13. High-Efficient Generation of Induced Pluripotent Stem Cells from Human Astrocytes

    PubMed Central

    Ruiz, Sergio; Brennand, Kristen; Panopoulos, Athanasia D.; Herrerías, Aída; Gage, Fred H.; Izpisua-Belmonte, Juan Carlos

    2010-01-01

    The reprogramming of human somatic cells to induced pluripotent stem (hiPS) cells enables the possibility of generating patient-specific autologous cells for regenerative medicine. A number of human somatic cell types have been reported to generate hiPS cells, including fibroblasts, keratinocytes and peripheral blood cells, with variable reprogramming efficiencies and kinetics. Here, we show that human astrocytes can also be reprogrammed into hiPS (ASThiPS) cells, with similar efficiencies to keratinocytes, which are currently reported to have one of the highest somatic reprogramming efficiencies. ASThiPS lines were indistinguishable from human embryonic stem (ES) cells based on the expression of pluripotent markers and the ability to differentiate into the three embryonic germ layers in vitro by embryoid body generation and in vivo by teratoma formation after injection into immunodeficient mice. Our data demonstrates that a human differentiated neural cell type can be reprogrammed to pluripotency and is consistent with the universality of the somatic reprogramming procedure. PMID:21170306

  14. A reproducible and versatile system for the dynamic expansion of human pluripotent stem cells in suspension.

    PubMed

    Elanzew, Andreas; Sommer, Annika; Pusch-Klein, Annette; Brüstle, Oliver; Haupt, Simone

    2015-10-01

    Reprogramming of patient cells to human induced pluripotent stem cells (hiPSC) has facilitated in vitro disease modeling studies aiming at deciphering the molecular and cellular mechanisms that contribute to disease pathogenesis and progression. To fully exploit the potential of hiPSC for biomedical applications, technologies that enable the standardized generation and expansion of hiPSC from large numbers of donors are required. Paralleled automated processes for the expansion of hiPSC could provide an opportunity to maximize the generation of hiPSC collections from patient cohorts while minimizing hands-on time and costs. In order to develop a simple method for the parallel expansion of human pluripotent stem cells (hPSC) we established a protocol for their cultivation as undifferentiated aggregates in a bench-top bioreactor system (BioLevitator™). We show that long-term expansion (10 passages) of hPSCs either in mTeSR or E8 medium preserved a normal karyotype, three-germ-layer differentiation potential and high expression of pluripotency-associated markers. The system enables the expansion from low inoculation densities (0.3 × 10(5) cells/mL) and provides a simplified, cost-efficient and time-saving method for the provision of hiPSC at midi-scale. Implementation of this protocol in cell production schemes has the potential to advance cell manufacturing in many areas of hiPSC-based medical research. PMID:26110829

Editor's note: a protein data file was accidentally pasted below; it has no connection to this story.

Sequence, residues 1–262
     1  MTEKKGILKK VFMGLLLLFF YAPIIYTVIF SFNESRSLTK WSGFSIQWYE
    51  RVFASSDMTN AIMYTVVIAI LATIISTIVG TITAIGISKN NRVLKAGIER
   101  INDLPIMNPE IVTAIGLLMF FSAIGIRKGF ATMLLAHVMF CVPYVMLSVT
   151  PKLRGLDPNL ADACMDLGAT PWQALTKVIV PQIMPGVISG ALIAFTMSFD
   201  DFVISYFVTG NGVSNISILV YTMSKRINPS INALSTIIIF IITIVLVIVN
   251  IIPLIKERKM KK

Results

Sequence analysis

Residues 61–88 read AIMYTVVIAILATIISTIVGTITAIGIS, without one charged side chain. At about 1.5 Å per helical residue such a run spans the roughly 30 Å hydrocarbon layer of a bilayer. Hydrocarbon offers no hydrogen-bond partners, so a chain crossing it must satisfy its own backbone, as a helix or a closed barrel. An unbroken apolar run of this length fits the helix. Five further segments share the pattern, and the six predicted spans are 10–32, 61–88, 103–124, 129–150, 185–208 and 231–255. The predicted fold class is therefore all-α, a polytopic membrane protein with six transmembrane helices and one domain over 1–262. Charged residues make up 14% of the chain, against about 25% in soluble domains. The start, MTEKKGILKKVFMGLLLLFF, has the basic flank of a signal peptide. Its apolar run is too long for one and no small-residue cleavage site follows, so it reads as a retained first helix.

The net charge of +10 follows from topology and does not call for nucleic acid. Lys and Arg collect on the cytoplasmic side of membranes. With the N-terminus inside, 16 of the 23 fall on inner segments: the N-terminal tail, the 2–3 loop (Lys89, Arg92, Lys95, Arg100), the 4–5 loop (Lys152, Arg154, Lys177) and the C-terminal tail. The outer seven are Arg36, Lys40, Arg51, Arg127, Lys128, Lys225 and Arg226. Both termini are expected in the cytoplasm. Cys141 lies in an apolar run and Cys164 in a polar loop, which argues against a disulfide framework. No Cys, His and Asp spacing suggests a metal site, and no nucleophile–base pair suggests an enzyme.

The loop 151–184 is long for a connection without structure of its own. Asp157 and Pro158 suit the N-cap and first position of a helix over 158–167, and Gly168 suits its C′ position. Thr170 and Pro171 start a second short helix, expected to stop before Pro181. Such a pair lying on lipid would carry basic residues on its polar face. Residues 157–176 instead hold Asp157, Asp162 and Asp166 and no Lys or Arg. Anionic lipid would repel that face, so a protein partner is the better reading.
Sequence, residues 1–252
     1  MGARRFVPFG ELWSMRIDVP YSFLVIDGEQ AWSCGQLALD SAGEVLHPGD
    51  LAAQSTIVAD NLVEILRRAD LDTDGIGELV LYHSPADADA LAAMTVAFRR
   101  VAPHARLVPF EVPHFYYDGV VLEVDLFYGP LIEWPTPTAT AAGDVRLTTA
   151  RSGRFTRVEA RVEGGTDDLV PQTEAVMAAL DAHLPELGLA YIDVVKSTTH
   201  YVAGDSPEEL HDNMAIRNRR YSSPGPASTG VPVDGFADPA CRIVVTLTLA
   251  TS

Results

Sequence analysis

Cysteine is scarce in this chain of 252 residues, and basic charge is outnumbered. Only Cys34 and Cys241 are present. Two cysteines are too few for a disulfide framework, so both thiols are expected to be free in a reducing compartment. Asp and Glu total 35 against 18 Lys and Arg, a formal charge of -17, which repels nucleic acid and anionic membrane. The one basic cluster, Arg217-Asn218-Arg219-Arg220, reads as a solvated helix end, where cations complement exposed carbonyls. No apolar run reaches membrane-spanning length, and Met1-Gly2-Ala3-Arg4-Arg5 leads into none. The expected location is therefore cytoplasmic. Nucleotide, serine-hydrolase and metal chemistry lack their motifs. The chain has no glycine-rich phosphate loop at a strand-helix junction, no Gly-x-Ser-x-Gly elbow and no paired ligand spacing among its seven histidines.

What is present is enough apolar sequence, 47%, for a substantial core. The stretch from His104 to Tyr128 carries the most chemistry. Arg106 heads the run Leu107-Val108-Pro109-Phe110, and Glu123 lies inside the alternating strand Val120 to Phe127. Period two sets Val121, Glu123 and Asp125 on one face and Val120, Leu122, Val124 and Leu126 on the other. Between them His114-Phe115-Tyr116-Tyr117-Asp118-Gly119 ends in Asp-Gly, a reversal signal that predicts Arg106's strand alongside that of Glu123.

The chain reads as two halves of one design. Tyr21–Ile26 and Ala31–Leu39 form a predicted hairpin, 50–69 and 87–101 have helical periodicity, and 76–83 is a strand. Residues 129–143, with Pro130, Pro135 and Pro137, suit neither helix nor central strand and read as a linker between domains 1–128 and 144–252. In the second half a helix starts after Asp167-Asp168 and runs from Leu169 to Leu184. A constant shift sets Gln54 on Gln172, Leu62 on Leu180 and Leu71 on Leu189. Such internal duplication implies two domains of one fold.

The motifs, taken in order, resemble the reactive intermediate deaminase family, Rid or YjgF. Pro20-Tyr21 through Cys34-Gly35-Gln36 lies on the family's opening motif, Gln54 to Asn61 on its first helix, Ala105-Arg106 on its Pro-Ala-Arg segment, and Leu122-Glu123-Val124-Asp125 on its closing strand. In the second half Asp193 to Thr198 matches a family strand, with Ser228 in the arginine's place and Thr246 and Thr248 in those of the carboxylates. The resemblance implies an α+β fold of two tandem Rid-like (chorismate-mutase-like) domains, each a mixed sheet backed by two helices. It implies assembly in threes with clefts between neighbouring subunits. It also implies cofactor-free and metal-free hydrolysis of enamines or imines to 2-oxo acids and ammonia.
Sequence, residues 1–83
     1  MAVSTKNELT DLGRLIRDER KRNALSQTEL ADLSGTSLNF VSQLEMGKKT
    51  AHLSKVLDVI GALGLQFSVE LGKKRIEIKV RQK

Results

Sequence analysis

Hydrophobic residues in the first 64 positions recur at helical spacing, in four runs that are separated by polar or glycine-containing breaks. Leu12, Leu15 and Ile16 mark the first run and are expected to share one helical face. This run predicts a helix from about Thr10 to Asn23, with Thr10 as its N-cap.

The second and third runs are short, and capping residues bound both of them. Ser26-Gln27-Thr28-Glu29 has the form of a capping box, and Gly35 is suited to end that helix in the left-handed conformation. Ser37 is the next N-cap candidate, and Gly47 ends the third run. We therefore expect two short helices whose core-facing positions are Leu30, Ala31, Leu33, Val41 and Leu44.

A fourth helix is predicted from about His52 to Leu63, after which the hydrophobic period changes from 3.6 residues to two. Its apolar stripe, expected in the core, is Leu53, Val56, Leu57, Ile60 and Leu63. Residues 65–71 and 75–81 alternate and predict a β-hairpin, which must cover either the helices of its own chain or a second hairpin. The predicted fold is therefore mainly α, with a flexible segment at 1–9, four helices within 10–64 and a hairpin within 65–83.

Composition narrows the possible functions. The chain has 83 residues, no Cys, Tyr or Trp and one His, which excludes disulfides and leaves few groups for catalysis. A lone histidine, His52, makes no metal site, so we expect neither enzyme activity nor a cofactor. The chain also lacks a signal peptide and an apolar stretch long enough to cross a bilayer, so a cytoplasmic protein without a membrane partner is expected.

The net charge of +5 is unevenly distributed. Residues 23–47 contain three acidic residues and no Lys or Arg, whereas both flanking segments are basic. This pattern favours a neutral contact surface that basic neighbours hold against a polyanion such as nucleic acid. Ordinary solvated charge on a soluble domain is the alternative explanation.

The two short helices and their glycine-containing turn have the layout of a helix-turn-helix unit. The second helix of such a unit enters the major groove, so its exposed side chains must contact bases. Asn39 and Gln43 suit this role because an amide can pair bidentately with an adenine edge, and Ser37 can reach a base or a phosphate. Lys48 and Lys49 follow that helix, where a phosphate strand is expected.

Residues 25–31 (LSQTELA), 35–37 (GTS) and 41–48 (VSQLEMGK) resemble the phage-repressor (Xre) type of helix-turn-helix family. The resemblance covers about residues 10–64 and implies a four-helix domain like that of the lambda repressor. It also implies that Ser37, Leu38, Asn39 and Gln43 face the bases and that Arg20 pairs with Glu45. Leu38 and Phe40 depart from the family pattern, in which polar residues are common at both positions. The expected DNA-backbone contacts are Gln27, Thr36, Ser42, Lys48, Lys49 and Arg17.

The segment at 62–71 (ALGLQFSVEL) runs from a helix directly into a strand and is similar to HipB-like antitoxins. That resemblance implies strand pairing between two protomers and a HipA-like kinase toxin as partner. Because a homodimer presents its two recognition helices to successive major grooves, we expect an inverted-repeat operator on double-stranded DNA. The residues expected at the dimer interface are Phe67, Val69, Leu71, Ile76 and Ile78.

15. Tetraploid Embryonic Stem Cells Maintain Pluripotency and Differentiation Potency into Three Germ Layers

    PubMed Central

    Imai, Hiroyuki; Kano, Kiyoshi; Fujii, Wataru; Takasawa, Ken; Wakitani, Shoichi; Hiyama, Masato; Nishino, Koichiro; Kusakabe, Ken Takeshi; Kiso, Yasuo

    2015-01-01

    Polyploid amphibians and fishes occur naturally in nature, while polyploid mammals do not. For example, tetraploid mouse embryos normally develop into blastocysts, but exhibit abnormalities and die soon after implantation. Thus, polyploidization is thought to be harmful during early mammalian development. However, the mechanisms through which polyploidization disrupts development are still poorly understood. In this study, we aimed to elucidate how genome duplication affects early mammalian development. To this end, we established tetraploid embryonic stem cells (TESCs) produced from the inner cell masses of tetraploid blastocysts using electrofusion of two-cell embryos in mice and studied the developmental potential of TESCs. We demonstrated that TESCs possessed essential pluripotency and differentiation potency to form teratomas, which differentiated into the three germ layers, including diploid embryonic stem cells. TESCs also contributed to the inner cell masses in aggregated chimeric blastocysts, despite the observation that tetraploid embryos fail in normal development soon after implantation in mice. In TESCs, stability after several passages, colony morphology, and alkaline phosphatase activity were similar to those of diploid ESCs. TESCs also exhibited sufficient expression and localization of pluripotent markers and retained the normal epigenetic status of relevant reprogramming factors. TESCs proliferated at a slower rate than ESCs, indicating that the difference in genomic dosage was responsible for the different growth rates. Thus, our findings suggested that mouse ESCs maintained intrinsic pluripotency and differentiation potential despite tetraploidization, providing insights into our understanding of developmental elimination in polyploid mammals. PMID:26091100

  16. Patents on Technologies of Human Tissue and Organ Regeneration from Pluripotent Human Embryonic Stem Cells